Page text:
It seems that as the weeks go on, our visits with the children at Overby-Sheppard keep getting better. Upon arrival, the kids were very clearly full of energy, so we started off by playing a number of games to calm them down while still incorporating the fairy tale theme. We began with a game that combined the story of Cinderella and the all-time favorite game of freeze tag. Several kids were chosen as taggers, and several were chosen “Fairy Godmothers”. When you were tagged, only the fairy godmothers could unfreeze you. The game ended with Evan eventually getting swarmed and dog-piled (which seems to be a common occurrence with these kids). After we sorted it all out, we played a simple game of Simon Says, and finally, we moved on to a game of Duck Duck Goose before we split into groups to read our stories.
Julianne, Taylor and I agreed to read the story of Beauty and the Beast to our group, using the book that we used last week. We started out with four children, but before we started, one boy immediately decided that he wanted to be in another group. Another girl asked what we were doing, and decided that she “didn’t want to read stories” and very sassily walked away to read stories with another group. To each his own, I suppose. Left with one girl and one boy, we made the most of the situation. Before we started, we asked them if they’ve ever heard the story, and we were able to find out that they already knew some major points of the plot. The kids were slightly antsy at first, but it was a pleasant surprise to see them settle down, stay quiet and pay attention as Julianne read.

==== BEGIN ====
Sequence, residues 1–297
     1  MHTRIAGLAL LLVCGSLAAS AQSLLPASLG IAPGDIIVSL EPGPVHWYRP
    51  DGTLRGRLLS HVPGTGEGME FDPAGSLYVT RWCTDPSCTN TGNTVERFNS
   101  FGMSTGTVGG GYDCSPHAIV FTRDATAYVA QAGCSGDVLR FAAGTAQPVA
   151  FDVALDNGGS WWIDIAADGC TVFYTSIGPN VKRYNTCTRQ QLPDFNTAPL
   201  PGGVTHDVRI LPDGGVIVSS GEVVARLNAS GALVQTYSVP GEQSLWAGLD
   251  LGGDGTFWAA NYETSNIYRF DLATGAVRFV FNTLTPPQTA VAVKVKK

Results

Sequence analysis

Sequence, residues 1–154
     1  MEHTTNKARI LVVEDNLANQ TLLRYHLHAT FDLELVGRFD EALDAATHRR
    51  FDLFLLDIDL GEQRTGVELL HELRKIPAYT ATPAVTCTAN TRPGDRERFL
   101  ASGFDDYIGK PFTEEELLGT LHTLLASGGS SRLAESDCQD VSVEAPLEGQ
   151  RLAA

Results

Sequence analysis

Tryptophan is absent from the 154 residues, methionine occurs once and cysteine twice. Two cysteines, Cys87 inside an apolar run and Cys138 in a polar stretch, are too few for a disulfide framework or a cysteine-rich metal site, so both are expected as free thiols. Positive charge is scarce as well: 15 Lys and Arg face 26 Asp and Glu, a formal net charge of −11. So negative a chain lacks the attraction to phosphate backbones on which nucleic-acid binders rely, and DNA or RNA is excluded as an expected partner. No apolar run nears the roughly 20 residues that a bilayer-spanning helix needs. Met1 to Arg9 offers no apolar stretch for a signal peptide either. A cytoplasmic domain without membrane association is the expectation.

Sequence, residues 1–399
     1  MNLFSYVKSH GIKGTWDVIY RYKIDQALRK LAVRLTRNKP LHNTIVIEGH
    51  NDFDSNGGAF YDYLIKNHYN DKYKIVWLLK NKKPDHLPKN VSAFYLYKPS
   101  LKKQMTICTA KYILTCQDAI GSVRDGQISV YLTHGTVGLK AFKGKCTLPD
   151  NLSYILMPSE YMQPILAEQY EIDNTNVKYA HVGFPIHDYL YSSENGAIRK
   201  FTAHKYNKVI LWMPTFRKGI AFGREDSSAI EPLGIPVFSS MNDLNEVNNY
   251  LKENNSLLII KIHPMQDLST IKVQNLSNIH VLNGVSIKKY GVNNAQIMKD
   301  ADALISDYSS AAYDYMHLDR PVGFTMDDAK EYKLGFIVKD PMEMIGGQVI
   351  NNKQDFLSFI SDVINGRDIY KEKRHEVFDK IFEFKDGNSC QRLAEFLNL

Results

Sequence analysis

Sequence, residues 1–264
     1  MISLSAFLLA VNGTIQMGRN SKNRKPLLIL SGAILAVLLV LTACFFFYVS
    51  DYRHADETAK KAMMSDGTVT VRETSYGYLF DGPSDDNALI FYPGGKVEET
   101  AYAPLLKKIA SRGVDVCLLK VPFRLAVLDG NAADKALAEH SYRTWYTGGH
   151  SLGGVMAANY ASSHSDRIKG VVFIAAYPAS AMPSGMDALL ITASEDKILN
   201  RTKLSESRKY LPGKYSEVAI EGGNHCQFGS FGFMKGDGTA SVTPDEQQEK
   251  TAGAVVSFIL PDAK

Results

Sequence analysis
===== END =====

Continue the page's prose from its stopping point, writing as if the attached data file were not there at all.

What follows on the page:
We noticed that the little girl became suddenly interested every time Julianne turned the page to reveal a picture. The book we used didn’t really have many pictures, so halfway through the story, I proposed an idea to the kids to make the story more interactive. Every time Julianne mentioned the word “Beauty,” we would put our hand under our chin like a dainty princess and let out a small little sigh. Every time we heard the word “Beast,” we would all make claws with our hands and roar. Both of the kids didn’t really care much about doing the action for Beauty, but the little girl loved doing the action for Beast. For whatever reason, the boy was a little hesitant, but after a while he agreed to “do it just once,” and let out a few roars here and there. For the remainder of the story, we had fun roaring every time we heard the word “Beast,” which seemed to hold their attention until we finished.
After we read, we gave paper and markers to the kids and asked them to draw something from the story. Julianne and I did this activity the week before and it worked really well, so we decided to do it again. We told them that they could draw their favorite character, a scene from the story, or anything related to the story that they wanted to draw. The little boy wanted to look at a picture in the book and tried to draw it verbatim, while the little girl drew…something. I’m not sure if we ever found out what she was trying to draw. We were limited on time so the kids didn’t have a chance to completely finish, but we gave them two Jolly Ranchers each and sent them on their way.
Overall, the visit was very successful. Not only did we get to play multiple games and have fun, but we got the entire way through a story and completed our drawing activity, for the most part. On the way back to campus, we talked about how tough it’s going to be to tell the kids that we won’t be coming back anymore after this coming week. We really wish we could continue going to Overby-Sheppard for the rest of the semester! Although our last visit will be pretty bittersweet, we hope that we can end our time with these amazing kids on a good note.